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Check out these new fiction and non -fiction titles from Spectrum, you can request them from the Library.

Fiction

Freedom Ride by Sue Lawson

There's no hiding from prejudice.

Robbie knows bad things happen in Walgaree. But it's nothing to do with him. That's just the way the Aborigines have always been treated. In the summer of 1965 racial tensions in the town are at boiling point, and something headed Walgaree's way will blow things apart. It's time for Robbie to take a stand. Nothing will ever be the same.






The Grey Raider by John Flanagan
An explosive cat-and-mouse chase and high-stakes adventure across the high seas, set against the backdrop of the American Civil War. 

It is October 1863, and the American Civil War is in full swing. The Union has a preponderance of men, munitions and manufacturing and the pendulum is swinging its way. But the Confederates have a powerful bargaining point in any peace negotiations: the CSS Manassas, commanded by the audacious Captain Pelle.

The Manassas is a commerce raider, searching the seas far and wide for the Union's merchant fleet. And when it finds the enemy, it sends the ships and their million-dollar cargoes straight to the ocean floor.

As the ships go down, insurance rates go sky high, and Abraham Lincoln is under extreme pressure to stop the Manassas dead. But with the Union Navy stretched to breaking point blockading the South's ports, only one ship can be spared to seek out the Confederate raider.

Enter Captain Samuel Stacy and the USS Oswego. Stacy is tenacious and bull-headed and, perhaps more importantly, has a long-standing feud with Pelle.

There is nothing he wants more than to send the ‘grey raider' to a watery grave. After all, the outcome of the war may depend on it

In My House by Alex Hourston
This unsettling debut novel tells the story of an unlikely friendship between two very different women.

In the queue for the toilets at Gatwick, a teenage girl catches 57-year-old Margaret Benson's eye in the mirror and mouths the word help. Margaret's reaction leads to the dramatic rescue of the teenager from her trafficker and Margaret becomes a hero.

But when the story gets picked up by the papers, Margaret is panicked by the publicity, as well as the strange phone calls she begins to receive. Meanwhile Anja makes contact. She wants to thank her rescuer, but she also quickly inserts herself into Margaret's lonely life. As their friendship develops, so do questions: who is Margaret hiding from, and what are Anja's true motives? And what is the cost of living a lie?

Non fiction
The Director is the Commander by Anna Broinowski
'We were all propagandists; the only differences were our goals.'

Looking for respite from her crumbling marriage and determined to stop a coal seam gas mine near her Sydney home, filmmaker Anna Broinowski finds wisdom and inspiration in the strangest of places: North Korea. Guided by the late Dear Leader Kim Jong Il's manifesto The Cinema and Directing, Broinowski, in a world first, travels to Pyongyang to collaborate with North Korea's top directors, composers and movie stars to make a powerful anti-fracking propaganda film.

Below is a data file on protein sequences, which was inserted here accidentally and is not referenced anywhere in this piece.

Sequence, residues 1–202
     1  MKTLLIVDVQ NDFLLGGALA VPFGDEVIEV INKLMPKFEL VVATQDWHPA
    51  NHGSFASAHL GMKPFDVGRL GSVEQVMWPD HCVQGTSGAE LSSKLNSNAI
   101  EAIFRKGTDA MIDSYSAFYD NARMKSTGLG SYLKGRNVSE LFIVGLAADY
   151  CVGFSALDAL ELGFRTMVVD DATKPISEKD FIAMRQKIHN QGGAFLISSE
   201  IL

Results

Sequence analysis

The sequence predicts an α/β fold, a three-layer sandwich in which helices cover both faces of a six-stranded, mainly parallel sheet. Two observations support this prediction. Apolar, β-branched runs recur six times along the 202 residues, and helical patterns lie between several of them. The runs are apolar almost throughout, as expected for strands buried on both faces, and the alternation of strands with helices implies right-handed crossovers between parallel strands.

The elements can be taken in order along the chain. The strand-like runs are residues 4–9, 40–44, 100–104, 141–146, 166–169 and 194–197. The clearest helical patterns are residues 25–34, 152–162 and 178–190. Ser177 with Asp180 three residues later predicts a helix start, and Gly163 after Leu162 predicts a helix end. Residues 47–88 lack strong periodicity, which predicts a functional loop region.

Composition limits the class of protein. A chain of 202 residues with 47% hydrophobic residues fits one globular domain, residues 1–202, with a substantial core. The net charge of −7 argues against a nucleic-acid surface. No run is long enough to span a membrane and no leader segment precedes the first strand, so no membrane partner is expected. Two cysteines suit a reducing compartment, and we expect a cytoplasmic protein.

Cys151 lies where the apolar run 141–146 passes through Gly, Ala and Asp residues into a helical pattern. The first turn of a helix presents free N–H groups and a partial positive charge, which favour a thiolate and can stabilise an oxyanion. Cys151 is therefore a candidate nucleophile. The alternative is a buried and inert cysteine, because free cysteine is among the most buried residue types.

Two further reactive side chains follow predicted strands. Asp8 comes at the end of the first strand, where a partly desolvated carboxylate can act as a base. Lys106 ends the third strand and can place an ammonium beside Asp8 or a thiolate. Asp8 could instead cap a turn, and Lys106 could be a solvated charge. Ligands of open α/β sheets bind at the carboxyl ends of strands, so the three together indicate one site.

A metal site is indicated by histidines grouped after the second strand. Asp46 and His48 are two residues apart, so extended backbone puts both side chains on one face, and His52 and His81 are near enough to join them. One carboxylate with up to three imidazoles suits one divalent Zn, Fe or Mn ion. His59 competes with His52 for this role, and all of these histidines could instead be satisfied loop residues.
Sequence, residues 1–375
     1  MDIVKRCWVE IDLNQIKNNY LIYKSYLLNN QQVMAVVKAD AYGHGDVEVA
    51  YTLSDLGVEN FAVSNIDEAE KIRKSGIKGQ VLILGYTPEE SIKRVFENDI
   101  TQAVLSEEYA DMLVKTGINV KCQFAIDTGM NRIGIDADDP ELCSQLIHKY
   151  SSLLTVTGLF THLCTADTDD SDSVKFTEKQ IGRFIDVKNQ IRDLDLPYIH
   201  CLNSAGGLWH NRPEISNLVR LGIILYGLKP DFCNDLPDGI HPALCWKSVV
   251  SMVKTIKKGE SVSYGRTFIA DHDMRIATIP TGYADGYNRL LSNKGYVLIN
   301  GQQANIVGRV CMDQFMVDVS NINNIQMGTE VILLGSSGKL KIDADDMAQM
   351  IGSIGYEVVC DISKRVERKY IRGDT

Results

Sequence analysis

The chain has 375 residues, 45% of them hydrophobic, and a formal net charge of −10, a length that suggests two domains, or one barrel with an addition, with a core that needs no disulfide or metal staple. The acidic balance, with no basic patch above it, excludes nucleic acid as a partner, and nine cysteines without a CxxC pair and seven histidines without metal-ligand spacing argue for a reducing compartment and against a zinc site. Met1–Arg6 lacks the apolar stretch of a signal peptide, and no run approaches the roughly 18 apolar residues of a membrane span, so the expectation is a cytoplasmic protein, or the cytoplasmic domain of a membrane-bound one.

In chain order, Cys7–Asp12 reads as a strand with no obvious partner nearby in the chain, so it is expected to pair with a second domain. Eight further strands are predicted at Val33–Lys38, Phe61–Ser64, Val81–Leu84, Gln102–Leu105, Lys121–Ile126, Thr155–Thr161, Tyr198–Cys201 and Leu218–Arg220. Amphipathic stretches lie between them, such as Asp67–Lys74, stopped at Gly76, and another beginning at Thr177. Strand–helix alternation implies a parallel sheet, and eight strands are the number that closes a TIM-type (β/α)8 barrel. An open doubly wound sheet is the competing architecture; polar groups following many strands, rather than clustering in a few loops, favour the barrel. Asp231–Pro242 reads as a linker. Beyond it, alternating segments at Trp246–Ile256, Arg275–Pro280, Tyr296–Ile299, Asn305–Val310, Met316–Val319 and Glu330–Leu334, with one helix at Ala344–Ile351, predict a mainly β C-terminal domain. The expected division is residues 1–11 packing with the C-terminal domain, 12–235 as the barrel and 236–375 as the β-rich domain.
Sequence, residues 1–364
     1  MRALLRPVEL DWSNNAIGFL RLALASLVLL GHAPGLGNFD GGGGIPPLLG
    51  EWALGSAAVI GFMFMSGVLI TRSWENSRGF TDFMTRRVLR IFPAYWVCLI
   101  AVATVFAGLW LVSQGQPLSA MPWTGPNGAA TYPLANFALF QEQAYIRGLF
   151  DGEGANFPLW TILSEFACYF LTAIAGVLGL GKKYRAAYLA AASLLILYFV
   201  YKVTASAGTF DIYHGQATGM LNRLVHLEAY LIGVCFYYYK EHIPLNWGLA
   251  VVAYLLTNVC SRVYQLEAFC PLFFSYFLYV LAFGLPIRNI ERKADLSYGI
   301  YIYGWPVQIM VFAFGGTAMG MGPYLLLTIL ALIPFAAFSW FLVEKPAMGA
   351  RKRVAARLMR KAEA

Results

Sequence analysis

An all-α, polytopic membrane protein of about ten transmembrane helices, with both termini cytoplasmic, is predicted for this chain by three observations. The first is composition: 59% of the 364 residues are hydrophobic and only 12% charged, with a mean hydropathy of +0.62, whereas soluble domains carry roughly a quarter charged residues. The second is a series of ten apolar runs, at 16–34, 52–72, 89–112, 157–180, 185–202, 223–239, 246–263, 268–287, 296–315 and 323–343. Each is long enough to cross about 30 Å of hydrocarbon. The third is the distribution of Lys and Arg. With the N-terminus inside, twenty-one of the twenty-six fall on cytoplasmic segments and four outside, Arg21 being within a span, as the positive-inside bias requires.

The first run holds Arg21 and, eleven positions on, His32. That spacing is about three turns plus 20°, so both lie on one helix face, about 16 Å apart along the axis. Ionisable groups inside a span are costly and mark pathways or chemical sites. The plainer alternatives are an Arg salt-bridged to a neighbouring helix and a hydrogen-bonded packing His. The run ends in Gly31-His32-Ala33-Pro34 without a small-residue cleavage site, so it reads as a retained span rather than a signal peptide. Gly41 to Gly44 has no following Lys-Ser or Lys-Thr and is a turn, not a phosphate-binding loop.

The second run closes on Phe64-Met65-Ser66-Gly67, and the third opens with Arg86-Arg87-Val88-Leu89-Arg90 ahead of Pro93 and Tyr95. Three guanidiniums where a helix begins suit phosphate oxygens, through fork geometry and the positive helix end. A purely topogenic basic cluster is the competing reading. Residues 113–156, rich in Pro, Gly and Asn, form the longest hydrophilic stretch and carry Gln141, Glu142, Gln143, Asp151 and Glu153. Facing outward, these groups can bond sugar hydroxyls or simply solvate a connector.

Return: A Palestinian Memoir by Ghada Karmi
"The journey filled me with bitterness and grief. I remember looking down on a nighttime Tel Aviv from the windows of a place taking me back to London and thinking hopelessly, ‘flotsam and jetsam, that’s what we’ve become, scattered and divided. There’s no room for us or our memories here. And it won’t be reversed."

Having grown up in Britain following her family's exile from Palestine, doctor, author and academic Ghada Karmi leaves her adoptive home in a quest to return to her homeland. She starts work with the Palestinian Authority and gets a firsthand understanding of its bizarre bureaucracy under Israel’s occupation.

In her quest, she takes the reader on a fascinating journey into the heart of one of the world’s most intractable conflict zones and one of the major issues of our time. Visiting places she has not seen since childhood, her unique insights reveal a militarised and barely recognisable homeland, and her home in Jerusalem, like much of the West Bank, occupied by strangers. Her encounters with politicians, fellow Palestinians, and Israeli soldiers cause her to question what role exiles like her have in the future of their country and whether return is truly possible.


First Fleet Surgeon by David Hill
In a single leather-bound volume of 238 unlined pages of parchment, Surgeon Arthur Bowes Smyth describes his two-and-a-half year journey with the First Fleet from Portsmouth in England to the new colony in Australia and back. He is a frank, articulate and observant writer, and his diary, a treasure of the National Library of Australia, covers life at sea, stopovers in the slave port of Rio de Janeiro and the tropical paradise of Tahiti, and three months of early settlement in Australia. 

As surgeon to more than 100 convict women on the Lady Penrhyn, Bowes Smyth gives an insight into the plight of these women, sentenced to transportation, and their children. Their voyage was marked by seasickness, miscarriage, infant deaths, a diet of salted meat and dry hardtack biscuits, and cruel punishment from thumb screws to gagging and flogging with a cat-o’-nine-tails. When they finally set foot on Australian soil, their travails did not end, being set upon by drunken sailors and crew in a ‘scene of debauchery and riot’. 

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